Pointer workaround in Python

I am building a dash application on top of huge amounts of data points. As I do not want to load all data every time I need them from disk (> 30m datapoints), I built a DataManager, managing the data. As the application has multiple scripts for each view, I passed the manager to each of them when switching the page.

Well, as Python is not C, Java nor Swift, it actually does not work with pointers. So is there a python-way to implement such a behavior without loading all data points when opening a site?

Here is my Python implementation so far:

dm = DataManager.DataManager()

@app.callback(Output('page-content', 'children'),
            [Input('url', 'pathname')])
def display_page(pathname):
    if pathname == '/runningmap':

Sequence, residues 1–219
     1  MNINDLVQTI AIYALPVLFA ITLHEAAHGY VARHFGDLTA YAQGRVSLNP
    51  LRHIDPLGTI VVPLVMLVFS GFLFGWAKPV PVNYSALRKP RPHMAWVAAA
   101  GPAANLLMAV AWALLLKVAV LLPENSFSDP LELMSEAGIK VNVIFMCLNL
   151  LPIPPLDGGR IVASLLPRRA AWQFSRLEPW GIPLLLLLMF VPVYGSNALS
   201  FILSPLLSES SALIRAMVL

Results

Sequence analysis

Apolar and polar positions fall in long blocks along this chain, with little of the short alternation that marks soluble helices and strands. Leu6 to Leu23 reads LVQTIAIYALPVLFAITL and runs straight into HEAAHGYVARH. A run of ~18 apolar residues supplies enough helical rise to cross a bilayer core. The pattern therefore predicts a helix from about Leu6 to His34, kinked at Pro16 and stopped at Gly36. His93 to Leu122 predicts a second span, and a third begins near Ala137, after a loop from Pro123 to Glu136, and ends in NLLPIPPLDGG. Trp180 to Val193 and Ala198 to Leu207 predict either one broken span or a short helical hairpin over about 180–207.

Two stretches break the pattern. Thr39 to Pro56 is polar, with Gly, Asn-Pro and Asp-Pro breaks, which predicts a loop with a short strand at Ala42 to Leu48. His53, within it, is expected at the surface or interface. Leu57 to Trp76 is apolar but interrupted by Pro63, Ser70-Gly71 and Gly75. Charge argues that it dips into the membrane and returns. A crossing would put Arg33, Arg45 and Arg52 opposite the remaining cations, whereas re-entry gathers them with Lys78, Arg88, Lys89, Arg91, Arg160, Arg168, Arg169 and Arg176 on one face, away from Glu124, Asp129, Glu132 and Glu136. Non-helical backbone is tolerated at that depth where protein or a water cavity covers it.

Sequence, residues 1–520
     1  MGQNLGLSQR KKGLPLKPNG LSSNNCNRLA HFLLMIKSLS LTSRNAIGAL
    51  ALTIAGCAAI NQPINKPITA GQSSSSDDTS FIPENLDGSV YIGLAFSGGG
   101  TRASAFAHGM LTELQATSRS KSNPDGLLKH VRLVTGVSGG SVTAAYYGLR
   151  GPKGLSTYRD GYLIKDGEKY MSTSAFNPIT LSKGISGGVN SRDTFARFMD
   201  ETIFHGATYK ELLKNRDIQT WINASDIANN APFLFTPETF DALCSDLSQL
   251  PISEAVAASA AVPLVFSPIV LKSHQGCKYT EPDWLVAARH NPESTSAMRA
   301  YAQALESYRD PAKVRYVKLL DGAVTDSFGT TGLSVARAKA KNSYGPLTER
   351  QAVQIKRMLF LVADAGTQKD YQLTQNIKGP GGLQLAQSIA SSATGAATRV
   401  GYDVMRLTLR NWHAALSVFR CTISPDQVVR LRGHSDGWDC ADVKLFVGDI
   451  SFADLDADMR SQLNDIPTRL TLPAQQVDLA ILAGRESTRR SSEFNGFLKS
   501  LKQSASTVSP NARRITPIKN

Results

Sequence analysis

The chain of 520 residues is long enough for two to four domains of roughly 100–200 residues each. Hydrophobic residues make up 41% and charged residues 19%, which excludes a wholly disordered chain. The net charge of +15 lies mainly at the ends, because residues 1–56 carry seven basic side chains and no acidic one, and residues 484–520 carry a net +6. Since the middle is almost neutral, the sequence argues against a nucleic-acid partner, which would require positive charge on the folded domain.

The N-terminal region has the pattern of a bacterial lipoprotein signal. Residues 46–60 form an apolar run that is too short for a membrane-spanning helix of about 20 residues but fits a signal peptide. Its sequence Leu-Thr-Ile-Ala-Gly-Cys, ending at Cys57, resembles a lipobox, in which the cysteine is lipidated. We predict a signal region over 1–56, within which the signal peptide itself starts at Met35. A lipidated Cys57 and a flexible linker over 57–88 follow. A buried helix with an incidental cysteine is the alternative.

return RunningMap(dm)
    elif pathname == '/settings':
        return Settings(dm)
    else:
        return RunningMap(dm)

Answer

In Python, all objects are pass-by-reference. If you want to pass something elsewhere and still let the caller mutate it afterwards, you can use a list containing a single element as if it’s a pointer.

class Foo:

  def __init__(a):
    self.a = a

  def p():
    print(self.a)


a_ptr = [1]
foo = Foo(a_ptr)
foo.p()
a_ptr[0] += 1
foo.p()

would print

1
2

Leave a Reply

Your email address will not be published. Required fields are marked *